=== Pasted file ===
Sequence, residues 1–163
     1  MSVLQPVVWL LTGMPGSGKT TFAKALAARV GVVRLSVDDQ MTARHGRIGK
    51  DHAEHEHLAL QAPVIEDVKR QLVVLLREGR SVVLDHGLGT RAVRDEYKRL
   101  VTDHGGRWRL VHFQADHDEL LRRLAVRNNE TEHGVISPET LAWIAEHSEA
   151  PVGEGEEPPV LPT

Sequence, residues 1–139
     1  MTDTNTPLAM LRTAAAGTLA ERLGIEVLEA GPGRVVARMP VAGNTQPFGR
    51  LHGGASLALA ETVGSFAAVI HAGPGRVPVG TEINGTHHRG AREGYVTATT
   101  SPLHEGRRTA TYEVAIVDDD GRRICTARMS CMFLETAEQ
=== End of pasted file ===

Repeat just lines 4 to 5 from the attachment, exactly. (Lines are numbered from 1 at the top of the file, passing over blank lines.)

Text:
   101  VTDHGGRWRL VHFQADHDEL LRRLAVRNNE TEHGVISPET LAWIAEHSEA
   151  PVGEGEEPPV LPT